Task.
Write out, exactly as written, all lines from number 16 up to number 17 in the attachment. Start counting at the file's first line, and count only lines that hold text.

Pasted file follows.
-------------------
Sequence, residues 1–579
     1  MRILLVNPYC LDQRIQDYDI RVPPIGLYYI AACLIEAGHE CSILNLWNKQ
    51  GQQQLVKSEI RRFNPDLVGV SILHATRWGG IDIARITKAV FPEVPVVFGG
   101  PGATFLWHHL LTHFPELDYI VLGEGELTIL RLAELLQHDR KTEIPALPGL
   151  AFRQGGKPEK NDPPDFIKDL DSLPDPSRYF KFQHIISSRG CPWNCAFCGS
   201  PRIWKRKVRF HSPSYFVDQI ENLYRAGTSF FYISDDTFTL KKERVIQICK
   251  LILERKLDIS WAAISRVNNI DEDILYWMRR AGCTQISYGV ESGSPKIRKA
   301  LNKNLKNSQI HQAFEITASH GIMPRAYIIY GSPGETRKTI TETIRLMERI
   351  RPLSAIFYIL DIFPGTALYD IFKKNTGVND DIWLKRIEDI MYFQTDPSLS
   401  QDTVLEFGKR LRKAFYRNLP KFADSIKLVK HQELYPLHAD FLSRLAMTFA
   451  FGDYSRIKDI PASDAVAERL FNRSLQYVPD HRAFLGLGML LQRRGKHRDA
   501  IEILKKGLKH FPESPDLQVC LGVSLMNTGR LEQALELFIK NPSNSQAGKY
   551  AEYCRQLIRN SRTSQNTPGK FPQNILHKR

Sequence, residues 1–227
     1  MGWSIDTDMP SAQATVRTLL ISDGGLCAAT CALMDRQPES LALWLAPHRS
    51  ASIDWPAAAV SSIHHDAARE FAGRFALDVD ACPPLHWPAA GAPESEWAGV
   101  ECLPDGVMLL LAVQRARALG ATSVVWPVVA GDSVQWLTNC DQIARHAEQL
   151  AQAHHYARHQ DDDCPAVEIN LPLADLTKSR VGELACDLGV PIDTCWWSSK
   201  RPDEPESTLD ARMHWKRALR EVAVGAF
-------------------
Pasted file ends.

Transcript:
    51  ASIDWPAAAV SSIHHDAARE FAGRFALDVD ACPPLHWPAA GAPESEWAGV
   101  ECLPDGVMLL LAVQRARALG ATSVVWPVVA GDSVQWLTNC DQIARHAEQL